mars


Pythagorean Astronomy: The Martian Triple

Posted on 2 February 2021 by Chris North

Over the course of the next month, we’ll see the arrival at Mars of not one, not two, but three spacecraft: Nasa’s Perseverance Rover, with its little helicopter Ingenuity; the Chinese Space Agency’s Tianwen-1 mission, which comprises an orbiting spacecraft, a landing platform and a rover; and the UAE’s Hope mission, which is an orbiting
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Pythagorean Astronomy: Isolation Space

Posted on 3 April 2020 by Chris North

In these unprecedented times, it’s hard to argue that much of space science and astronomy is key infrastructure, or its staff key workers. And while that’s true, like many organisations work cannot simply stop altogether. The European Space Agency runs a multitude of missions, from space observatories to interplanetary explorers, and from solar probes to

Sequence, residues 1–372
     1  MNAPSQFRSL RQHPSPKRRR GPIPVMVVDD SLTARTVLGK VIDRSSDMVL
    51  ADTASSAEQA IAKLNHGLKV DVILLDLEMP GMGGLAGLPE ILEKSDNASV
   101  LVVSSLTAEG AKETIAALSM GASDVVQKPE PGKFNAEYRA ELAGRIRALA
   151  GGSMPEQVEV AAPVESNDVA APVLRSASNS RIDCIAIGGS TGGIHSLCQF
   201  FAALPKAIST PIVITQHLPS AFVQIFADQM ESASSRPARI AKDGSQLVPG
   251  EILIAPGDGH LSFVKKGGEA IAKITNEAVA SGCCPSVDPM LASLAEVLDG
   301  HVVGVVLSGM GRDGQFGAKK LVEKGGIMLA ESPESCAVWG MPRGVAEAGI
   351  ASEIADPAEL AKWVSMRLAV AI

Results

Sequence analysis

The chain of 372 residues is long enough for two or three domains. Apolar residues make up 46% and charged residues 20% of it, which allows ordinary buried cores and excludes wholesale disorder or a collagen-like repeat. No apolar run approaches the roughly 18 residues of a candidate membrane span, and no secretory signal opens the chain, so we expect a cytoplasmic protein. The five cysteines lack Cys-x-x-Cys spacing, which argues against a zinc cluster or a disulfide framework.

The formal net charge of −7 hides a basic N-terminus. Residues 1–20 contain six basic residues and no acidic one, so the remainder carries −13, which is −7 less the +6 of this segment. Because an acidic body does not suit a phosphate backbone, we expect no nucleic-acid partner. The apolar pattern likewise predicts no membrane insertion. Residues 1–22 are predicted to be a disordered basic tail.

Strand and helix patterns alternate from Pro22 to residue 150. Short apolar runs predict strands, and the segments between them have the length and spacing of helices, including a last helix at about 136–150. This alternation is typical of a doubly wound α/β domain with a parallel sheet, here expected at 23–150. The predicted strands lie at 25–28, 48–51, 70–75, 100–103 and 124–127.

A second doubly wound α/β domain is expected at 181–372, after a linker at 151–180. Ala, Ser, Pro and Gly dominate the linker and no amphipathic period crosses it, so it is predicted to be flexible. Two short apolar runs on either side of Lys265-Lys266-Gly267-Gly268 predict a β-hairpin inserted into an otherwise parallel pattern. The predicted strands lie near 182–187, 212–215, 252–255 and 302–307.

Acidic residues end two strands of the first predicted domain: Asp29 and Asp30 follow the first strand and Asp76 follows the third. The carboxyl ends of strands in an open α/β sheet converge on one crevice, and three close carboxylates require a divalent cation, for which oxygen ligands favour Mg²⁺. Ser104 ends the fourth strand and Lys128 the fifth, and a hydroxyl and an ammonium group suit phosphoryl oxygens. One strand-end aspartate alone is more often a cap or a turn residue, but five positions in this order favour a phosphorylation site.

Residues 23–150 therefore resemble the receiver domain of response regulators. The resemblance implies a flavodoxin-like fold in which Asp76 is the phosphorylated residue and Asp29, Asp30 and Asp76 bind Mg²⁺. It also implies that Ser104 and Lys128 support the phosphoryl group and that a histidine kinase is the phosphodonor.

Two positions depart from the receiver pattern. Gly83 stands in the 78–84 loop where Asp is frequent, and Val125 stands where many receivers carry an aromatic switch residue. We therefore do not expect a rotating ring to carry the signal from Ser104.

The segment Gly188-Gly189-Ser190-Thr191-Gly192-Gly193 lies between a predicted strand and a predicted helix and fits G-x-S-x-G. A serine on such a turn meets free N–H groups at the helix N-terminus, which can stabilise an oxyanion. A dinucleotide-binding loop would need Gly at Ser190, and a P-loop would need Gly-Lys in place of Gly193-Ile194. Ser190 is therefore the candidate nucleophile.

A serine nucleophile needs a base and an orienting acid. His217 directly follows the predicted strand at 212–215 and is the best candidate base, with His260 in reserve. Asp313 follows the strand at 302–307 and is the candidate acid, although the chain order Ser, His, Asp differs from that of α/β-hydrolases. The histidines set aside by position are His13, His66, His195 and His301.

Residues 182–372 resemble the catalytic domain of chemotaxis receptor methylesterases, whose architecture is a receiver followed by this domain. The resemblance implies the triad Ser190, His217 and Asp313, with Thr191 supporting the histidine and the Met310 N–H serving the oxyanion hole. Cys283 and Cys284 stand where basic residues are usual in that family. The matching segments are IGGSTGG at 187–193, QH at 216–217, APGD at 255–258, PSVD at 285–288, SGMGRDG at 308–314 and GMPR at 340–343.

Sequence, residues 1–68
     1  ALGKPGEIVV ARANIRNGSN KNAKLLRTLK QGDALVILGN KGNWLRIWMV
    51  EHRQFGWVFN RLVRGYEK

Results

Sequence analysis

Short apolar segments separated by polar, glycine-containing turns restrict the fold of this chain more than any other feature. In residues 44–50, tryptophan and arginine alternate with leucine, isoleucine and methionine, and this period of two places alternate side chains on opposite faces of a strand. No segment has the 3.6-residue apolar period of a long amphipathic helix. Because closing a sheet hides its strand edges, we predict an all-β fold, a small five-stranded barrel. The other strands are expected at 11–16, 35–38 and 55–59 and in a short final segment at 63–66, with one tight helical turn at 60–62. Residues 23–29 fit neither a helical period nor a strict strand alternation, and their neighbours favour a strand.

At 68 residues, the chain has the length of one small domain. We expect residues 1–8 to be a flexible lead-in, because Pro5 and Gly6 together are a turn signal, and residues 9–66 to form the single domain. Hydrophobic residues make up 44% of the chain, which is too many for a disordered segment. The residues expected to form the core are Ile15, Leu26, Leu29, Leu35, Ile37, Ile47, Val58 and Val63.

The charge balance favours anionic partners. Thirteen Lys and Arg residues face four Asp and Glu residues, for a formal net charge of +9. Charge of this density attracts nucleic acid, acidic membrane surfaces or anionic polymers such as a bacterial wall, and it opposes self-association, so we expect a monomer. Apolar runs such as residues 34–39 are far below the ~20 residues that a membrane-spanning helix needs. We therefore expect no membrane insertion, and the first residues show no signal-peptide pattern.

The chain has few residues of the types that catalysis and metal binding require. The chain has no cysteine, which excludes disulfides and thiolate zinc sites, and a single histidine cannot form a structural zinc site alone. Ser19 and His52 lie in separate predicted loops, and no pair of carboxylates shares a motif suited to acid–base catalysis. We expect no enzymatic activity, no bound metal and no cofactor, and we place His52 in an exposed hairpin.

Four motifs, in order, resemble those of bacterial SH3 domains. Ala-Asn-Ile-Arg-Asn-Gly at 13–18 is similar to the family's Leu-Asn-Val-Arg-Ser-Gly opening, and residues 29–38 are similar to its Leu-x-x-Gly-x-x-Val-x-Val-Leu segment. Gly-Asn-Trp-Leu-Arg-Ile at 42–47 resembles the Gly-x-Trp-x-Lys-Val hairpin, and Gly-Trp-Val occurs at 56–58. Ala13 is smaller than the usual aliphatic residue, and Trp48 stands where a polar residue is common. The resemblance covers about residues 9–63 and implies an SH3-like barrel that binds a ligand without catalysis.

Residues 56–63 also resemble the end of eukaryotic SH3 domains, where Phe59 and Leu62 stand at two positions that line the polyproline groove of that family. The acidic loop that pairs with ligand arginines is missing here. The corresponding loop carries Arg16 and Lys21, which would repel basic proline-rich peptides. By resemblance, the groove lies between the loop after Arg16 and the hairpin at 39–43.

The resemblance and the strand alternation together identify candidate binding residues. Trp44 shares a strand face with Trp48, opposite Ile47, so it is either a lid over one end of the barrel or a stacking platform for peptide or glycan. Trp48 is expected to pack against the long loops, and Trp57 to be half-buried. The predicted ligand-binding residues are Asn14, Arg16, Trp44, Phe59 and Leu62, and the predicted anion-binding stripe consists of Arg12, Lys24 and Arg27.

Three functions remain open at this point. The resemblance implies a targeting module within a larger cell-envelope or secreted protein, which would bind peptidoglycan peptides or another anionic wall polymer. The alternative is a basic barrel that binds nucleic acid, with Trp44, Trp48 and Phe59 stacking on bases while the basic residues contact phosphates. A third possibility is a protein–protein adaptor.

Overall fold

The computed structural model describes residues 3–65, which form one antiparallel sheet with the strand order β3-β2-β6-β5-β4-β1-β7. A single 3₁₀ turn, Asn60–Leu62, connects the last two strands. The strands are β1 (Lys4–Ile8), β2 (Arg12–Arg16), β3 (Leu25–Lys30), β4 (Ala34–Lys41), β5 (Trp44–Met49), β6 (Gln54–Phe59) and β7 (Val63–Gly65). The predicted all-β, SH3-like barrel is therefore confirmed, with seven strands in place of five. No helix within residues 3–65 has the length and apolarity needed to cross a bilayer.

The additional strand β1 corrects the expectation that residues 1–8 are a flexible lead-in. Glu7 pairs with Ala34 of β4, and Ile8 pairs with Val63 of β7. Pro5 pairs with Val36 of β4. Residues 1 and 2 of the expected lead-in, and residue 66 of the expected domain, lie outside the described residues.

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Pythagorean Astronomy: Robotic explorers

Posted on 1 August 2019 by Chris North

July 1969 was the month that the first people walked on the Moon. 12 people walked on the surface of our celestial neighbour between 1969 and 1972. Since then, humanity has been confined to low-Earth orbit. There is talk of sending people back to the Moon, on timescales that vary depending on who you talk
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Pythagorean Astronomy: 2018 – a year in space

Posted on 30 December 2018 by Chris North

Chris North, Mat Allen and Sarah Roberts discuss the highlights of 2018, and look forward to 2019. From missions to the inner Solar System, landers on Mars, and rovers on asteroids, lots has happened. In 2019, we’re looking forward to New Horizon’s flyby of Ultima Thule out in the Kuiper Belt, more results from the
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